Earlier in the day, Uttar Pradesh Chief Minister Akhilesh Yadav addressed his last rally at Ambedkarnagar, where the death of a candidate stretched the election campaign by an extra day. Akhilesh’s has been some effort — 221 rallies across the state, 65 jan sabhas, including those addressed jointly with alliance partner Rahul Gandhi, and four roadshows. At campaign’s end, he sits with a few trusted aides in his official residence, in a room with a glass wall overlooking an expanse of sprawling green where peacocks strut. Wife Dimple walks in, MP from Kannauj, and in this election, a star campaigner in her own right. “It was a responsibility given to me” she says. “I went where there were women candidates, and where he (Akhilesh) was not able to go. As the days went by, I became more confident. He would ask me every day, what did you say. I would say, don’t worry, I didn’t say anything (problematic), you will see it on TV”, she smiles.
But the air of pleasant placidness in the room can be deceptive — in the course of an interview with The Indian Express (to be published tomorrow), UP’s affable chief minister is sometimes caustic, often combative.
Asked about his missing minister Gayatri Prajapati, accused of rape, about whom the UP governor Ram Naik, a former BJP veteran, wrote him a questioning — and controversial — letter even while the campaign was on, Akhilesh says: “The police is searching for him (Prajapati), they will find him. I have asked them to intensify their efforts. It will send out the wrong message otherwise.”
“I do not say the governor’s letter was inappropriate”, says Akhilesh. But, he adds, pointedly, “The governor keeps writing letters to me. He has written thousands of them, on all sorts of issues. I reply to each one. No governor would have written as many letters to a chief minister”.
It is not the UP governor’s conspicuous zeal, however, that most preoccupies, and provokes, Akhilesh in this moment. The BJP would have been “wiped out” in UP had Prime Minister Narendra Modi not campaigned, he says — “at least, because of him, it fought”. But he (Modi) raised “such irrelevant issues, made misleading statements”.
“He (Modi) spoke about the Badayun case, called it our karnama (misdemeanour). But he does not seem to know what the CBI, a central agency, has said on the matter”. (The CBI had filed a closure report in the 2014 death of two minor teenage girls in which the prime accused were Yadavs, ruling out rape and murder). Then, “he (the PM) said the SP has taken over the thana. He is trying to suggest that Yadavs control the police station. But what about the IPS and IAS officers? What about Dial 100 (the helpline)? The Centre stopped giving funds for police modernisation, so I created Dial 100 from my own (state) funds. The phone call doesn’t come to the thana. It comes to Lucknow and we have created a response system here, which includes women. The PM thinks the thana is running the police.”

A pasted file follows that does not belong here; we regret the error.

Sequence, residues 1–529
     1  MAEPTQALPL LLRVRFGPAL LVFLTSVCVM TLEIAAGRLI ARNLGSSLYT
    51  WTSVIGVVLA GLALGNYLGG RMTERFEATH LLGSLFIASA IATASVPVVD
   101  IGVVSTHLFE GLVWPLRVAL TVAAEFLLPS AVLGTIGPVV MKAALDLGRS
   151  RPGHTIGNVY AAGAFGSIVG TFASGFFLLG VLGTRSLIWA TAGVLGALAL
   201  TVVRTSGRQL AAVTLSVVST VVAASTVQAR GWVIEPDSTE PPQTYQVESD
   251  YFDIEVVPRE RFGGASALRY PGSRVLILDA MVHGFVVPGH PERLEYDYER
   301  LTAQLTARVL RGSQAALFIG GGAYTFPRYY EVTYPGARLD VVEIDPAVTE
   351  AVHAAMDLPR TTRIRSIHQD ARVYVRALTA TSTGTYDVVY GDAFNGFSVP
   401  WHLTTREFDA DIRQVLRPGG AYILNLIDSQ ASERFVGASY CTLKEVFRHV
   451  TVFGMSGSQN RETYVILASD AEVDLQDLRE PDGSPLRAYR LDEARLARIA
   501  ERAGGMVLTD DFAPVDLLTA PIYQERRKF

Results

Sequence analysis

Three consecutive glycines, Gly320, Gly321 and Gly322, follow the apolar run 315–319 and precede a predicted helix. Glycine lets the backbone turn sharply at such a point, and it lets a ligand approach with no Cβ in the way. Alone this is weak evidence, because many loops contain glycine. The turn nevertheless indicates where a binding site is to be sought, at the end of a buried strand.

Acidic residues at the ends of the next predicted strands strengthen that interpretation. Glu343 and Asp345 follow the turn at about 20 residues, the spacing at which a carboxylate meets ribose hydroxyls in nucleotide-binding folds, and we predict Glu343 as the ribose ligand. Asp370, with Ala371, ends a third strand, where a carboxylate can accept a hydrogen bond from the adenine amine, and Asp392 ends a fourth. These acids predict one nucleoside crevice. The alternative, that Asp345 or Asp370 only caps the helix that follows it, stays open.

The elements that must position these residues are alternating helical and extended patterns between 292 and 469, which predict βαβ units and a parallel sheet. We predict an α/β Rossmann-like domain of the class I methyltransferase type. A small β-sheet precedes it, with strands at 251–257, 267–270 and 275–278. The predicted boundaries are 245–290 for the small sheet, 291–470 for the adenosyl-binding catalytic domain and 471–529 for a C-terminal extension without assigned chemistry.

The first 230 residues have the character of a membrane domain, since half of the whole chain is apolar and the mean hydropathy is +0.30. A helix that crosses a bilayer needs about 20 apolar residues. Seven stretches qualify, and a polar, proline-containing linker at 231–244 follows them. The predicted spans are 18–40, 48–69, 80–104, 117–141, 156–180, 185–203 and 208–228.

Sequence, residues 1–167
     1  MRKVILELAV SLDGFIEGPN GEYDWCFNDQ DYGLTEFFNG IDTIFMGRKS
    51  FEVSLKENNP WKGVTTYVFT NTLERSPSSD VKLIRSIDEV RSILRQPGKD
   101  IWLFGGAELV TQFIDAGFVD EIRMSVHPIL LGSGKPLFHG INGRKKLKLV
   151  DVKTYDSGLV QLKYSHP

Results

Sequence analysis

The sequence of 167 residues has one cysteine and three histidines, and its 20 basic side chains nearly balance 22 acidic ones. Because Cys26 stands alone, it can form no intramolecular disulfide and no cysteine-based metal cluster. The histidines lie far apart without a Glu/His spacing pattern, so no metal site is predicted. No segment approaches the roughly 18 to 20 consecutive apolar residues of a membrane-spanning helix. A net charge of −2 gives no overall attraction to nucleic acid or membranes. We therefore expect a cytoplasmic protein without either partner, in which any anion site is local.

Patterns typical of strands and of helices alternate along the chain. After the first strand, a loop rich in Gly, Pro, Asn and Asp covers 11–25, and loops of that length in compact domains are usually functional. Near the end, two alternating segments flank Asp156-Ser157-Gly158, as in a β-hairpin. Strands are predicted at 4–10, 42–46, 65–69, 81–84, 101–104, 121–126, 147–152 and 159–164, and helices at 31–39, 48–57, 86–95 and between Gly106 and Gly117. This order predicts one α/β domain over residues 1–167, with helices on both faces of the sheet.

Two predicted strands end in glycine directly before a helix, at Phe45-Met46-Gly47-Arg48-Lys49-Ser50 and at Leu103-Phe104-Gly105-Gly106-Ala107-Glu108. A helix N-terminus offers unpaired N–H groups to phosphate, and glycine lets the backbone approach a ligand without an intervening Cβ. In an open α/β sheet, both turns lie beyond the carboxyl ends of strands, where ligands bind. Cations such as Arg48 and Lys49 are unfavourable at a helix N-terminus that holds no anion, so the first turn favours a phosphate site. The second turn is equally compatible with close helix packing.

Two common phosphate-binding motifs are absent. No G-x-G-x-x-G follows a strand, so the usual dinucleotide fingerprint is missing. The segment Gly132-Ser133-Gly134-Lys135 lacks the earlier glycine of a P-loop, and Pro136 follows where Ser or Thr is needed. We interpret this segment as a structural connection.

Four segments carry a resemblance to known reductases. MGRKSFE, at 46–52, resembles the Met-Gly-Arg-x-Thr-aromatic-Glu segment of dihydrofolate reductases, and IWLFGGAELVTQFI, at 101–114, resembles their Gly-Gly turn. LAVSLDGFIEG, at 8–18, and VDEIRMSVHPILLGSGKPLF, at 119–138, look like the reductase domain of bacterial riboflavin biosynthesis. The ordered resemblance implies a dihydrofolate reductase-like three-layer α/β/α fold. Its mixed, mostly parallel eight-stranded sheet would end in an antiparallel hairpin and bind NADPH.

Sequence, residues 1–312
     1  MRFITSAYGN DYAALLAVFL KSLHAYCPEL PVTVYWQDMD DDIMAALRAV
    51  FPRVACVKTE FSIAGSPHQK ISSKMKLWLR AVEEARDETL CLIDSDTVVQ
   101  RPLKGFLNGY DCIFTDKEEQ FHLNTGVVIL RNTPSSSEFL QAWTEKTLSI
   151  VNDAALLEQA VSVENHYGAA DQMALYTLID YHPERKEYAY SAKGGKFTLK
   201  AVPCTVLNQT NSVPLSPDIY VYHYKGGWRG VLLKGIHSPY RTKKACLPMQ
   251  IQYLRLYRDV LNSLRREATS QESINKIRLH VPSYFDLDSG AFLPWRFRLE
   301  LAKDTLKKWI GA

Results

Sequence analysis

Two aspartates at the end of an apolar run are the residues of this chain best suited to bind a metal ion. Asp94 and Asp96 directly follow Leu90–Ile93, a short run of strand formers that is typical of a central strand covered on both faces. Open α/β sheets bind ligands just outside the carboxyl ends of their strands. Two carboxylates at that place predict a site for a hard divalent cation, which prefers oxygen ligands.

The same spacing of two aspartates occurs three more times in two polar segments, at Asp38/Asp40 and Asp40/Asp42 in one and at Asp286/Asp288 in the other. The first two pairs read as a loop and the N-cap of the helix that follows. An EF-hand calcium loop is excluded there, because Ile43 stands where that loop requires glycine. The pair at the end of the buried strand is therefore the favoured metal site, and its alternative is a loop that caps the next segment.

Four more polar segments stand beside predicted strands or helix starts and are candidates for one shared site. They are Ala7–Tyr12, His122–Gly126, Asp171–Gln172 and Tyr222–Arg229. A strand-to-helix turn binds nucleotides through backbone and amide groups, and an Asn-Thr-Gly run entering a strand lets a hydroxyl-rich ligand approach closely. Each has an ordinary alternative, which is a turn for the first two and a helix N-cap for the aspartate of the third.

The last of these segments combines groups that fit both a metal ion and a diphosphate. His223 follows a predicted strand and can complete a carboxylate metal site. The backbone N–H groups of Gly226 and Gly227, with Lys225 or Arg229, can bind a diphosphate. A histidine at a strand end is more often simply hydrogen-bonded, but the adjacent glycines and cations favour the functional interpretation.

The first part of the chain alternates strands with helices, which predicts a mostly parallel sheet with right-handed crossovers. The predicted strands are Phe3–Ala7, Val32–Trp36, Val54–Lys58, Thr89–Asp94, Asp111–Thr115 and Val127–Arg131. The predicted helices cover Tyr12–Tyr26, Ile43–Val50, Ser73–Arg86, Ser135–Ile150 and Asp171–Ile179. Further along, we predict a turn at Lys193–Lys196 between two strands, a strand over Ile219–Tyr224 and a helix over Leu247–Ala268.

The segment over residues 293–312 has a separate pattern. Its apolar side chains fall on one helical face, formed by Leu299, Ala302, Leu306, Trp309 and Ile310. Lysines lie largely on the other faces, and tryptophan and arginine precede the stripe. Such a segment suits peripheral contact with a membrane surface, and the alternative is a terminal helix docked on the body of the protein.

“I am not competing with the PM, mera sapna bada nahin hai (I don’t have bigger dreams). I don’t dream of Delhi”, says Akhilesh, even as he picks on and counters Modi’s statements in the just concluded campaign, holds up a list the SP has compiled of comments made by the PM and Amit Shah on him, and asks “aise kaun chara khilata hai, bina kaate (who feeds cows uncut grass?)”. The last is a comment on PM Modi’s photo-op with cows in Varanasi towards election’s end.
By all accounts, this election saw Akhilesh’s SP take to social media in a never-before way. But was it enough to combat the Modi-BJP’s political communication machine — the question hangs in the air. “I have said in my speeches that corruption is not only the giving and taking of money. It is also about breaking your promises. It is also being seen too often on TV”, he says.
Asked if the BJP may have beaten its rival parties in packaging demonetisation for the people, he says: “Hamne bahut samjhaya, par gareeb sapnon mein chala jaata hai, bada sapna sabko achcha lagta hai (we tried to explain the effects of demonetisation, but the poor lapse into dreams, people like grandiose dreams)…Log samjhaane se nahin, behkaane se vote de dete hain (Voters get swayed more by spin than by argument).”
Of course, the indefatigable campaigner isn’t conceding this hard-fought election before the results come in. “And in any case, if they themselves had been so confident of demonetisation, they wouldn’t have doled out tickets according to minute calculations of caste,” he says.
The SP had held on to a respectable vote share even in the BJP’s best election, says Akhilesh. “In 2014, the BJP swept, mopping up the new voters. Now, we have the Congress with us, it will make some difference, if not a lot (‘bahut zyada nahin par fayada hoga’). And there is the development vote, at least a little, if not much”.
Beyond defeat and victory, for Akhilesh, the major takeaway from this campaign: “In this election, more than any other, I saw young people in the rural areas wear jeans, flash their mobiles. UP mein yeh change hai (UP is changing)”.
And: “Jo Delhi se door rahta hai, zyaada raj karta hai (he who keeps his distance from Delhi is more powerful)”. Dimple Yadav adds, as if completing his sentence: “Aur sukhi bhi rahta hai (He also remains more content)”.